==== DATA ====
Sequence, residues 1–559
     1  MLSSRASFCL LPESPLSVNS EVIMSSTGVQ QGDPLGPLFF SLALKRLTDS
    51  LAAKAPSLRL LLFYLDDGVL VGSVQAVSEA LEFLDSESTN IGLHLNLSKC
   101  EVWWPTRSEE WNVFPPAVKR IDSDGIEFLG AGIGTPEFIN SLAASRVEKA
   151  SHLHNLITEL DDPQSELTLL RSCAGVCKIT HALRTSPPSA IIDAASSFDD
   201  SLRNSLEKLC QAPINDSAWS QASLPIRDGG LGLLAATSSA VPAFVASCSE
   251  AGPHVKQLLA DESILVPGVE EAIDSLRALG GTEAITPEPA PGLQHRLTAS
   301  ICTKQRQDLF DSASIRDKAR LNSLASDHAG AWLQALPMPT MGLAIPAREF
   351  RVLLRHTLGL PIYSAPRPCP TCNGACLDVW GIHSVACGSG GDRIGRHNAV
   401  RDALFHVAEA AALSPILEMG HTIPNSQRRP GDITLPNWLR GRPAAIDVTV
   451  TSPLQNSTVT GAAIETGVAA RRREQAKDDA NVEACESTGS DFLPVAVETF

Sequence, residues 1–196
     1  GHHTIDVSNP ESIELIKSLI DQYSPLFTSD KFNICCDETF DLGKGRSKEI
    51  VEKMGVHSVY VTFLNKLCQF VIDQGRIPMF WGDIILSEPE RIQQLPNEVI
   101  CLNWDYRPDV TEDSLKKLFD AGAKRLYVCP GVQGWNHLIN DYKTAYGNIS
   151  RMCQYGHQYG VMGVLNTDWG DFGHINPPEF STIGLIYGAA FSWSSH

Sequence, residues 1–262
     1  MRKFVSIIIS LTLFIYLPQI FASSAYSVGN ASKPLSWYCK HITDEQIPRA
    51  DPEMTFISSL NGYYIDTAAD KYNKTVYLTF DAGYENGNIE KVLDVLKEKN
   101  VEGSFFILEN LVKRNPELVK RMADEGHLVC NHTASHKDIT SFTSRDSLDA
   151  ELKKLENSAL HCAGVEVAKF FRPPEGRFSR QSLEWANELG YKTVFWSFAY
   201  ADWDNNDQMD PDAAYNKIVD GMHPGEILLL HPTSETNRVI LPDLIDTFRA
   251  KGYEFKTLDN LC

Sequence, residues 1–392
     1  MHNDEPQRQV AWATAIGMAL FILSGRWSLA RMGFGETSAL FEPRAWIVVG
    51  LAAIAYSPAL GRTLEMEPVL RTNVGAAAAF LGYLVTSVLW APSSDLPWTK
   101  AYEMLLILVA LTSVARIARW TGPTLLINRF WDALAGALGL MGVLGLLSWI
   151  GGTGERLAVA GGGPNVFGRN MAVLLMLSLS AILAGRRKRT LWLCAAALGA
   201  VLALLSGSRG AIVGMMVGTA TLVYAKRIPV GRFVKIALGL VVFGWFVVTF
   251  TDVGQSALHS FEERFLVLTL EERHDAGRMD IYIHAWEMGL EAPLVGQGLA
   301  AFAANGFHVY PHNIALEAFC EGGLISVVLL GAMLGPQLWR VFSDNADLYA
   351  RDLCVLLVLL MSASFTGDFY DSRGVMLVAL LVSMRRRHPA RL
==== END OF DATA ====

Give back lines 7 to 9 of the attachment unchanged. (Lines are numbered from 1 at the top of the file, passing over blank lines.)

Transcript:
   251  AGPHVKQLLA DESILVPGVE EAIDSLRALG GTEAITPEPA PGLQHRLTAS
   301  ICTKQRQDLF DSASIRDKAR LNSLASDHAG AWLQALPMPT MGLAIPAREF
   351  RVLLRHTLGL PIYSAPRPCP TCNGACLDVW GIHSVACGSG GDRIGRHNAV